Re-balance is a common investment phrase, but one with many meanings, many interpretations. The real questions are:
- What is ‘re-balance’ in relationship to safe investing?
- What is ‘re-balance’ in relationship to profitable investing?
- When should you re-balance
- What are the advantages of re-balancing
- What are the disadvantages of re-balancing
Re-balance, in its simplest explanation is selling your stocks, mutual funds or ETFs and buying new positions as if you were starting all over in the stock market.
Safe Investing and Re-balancing:
Re-balance in relationship to safe investing means that you are going to sell all or most of your positions at a specific point in time and pick new investments that offer less risk than your present holdings.
Profitable Investing and Re-balancing:
Re-balance in relationship to profitable investing means you are going to sell all or most of your positions at a specific point in time and pick new investments that offer more potential for profits, for greater gains than your present positions.
When to re-balance:
When you should re-balance your portfolio depends upon your investment philosophy. Some investment advisors advocate quarterly re-balancing while others suggest it is only necessary to re-balance once a year. An investment program may offer you the opportunity to set up automatic re-balancing at pre-determined times like quarterly, half-year and yearly, perhaps even monthly.
Advantages of Re-balancing:
The advantages of re-balancing include:
- Poor performing positions are eliminated
- Positions with greater potential, either for minimal risk or greater profit are purchased
- You can balance out the value of your positions equally so your diversification level remains constant and equal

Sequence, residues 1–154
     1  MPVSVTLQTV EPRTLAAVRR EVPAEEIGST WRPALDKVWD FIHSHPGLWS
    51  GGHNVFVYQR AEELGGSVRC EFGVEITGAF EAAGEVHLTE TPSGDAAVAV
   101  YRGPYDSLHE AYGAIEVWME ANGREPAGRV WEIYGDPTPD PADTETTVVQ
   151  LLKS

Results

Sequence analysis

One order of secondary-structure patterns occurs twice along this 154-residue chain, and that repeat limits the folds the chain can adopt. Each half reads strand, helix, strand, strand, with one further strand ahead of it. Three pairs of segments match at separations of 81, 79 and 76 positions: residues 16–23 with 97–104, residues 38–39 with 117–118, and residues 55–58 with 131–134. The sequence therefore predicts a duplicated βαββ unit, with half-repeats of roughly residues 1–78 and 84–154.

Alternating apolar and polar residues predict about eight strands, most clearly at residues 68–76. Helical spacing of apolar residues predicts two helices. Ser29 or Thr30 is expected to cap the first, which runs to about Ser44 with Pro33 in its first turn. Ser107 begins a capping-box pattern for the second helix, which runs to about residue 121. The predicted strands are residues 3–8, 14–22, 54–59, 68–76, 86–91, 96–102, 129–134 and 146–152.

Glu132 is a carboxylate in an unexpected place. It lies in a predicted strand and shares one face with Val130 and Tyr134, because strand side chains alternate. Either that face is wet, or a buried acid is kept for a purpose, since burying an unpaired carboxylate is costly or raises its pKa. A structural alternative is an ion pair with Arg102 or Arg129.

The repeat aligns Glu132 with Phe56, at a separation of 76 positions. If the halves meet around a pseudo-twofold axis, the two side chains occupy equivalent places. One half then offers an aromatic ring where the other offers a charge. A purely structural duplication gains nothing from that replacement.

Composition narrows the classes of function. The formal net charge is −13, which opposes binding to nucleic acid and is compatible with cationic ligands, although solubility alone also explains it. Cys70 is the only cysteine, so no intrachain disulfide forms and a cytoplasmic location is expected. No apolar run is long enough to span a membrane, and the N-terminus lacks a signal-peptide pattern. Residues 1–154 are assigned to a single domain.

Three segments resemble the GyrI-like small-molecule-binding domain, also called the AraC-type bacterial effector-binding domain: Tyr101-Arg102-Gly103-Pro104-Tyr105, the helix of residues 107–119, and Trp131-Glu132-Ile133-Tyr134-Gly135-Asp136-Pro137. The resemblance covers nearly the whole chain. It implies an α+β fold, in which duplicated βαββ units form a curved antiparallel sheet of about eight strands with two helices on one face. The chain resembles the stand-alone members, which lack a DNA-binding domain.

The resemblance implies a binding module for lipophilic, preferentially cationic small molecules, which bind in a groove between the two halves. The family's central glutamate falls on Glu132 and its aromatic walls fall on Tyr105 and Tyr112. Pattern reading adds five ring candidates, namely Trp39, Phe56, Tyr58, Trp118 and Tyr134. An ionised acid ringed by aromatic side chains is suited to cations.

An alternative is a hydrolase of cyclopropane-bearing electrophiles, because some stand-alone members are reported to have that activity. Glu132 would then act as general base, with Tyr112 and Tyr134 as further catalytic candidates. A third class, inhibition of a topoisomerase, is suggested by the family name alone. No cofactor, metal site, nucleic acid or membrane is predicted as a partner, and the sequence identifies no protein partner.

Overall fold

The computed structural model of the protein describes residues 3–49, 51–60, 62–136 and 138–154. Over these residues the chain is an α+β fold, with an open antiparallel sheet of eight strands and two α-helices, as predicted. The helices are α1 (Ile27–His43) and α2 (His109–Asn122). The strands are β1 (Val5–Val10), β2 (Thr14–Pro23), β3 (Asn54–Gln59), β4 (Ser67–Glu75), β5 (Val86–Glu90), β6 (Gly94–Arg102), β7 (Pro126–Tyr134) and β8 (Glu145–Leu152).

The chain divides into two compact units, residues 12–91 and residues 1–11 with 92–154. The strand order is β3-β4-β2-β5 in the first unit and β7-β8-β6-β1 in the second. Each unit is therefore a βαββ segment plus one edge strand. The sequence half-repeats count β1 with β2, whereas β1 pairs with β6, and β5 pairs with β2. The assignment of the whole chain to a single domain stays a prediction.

Disadvantages of Re-balancing:
The disadvantages of re-balancing include:
- You could sell a highly profitable position that is still growing
- Your trading expense may grow needlessly
- Automatic re-balancing at specific times may turn out to be the wrong time to sell
So Re-balance or Not – that is still the question.
My suggestion considers two critical factors.
- If you are using an investment tool, an investment software program, for safe investing that gives you buy-sell recommendations based on performance or relative strength of your positions and potential positions, then re-balance should not be necessary or rarely necessary.
- It is not a bad idea to take a look at your portfolio, your individual strategies and positions one a year, perhaps once every six months to see if your chosen strategies are doing better or worse than your ‘watch’ strategies. In other words perhaps your ‘re-balance’ should be to switch strategies and positions.
The objective in safe investing, particularly if you are using investing software, is to achieve gains with minimal risk, minimal loss, so re-balancing your portfolio can be good but automatic re-balancing should be considered very carefully.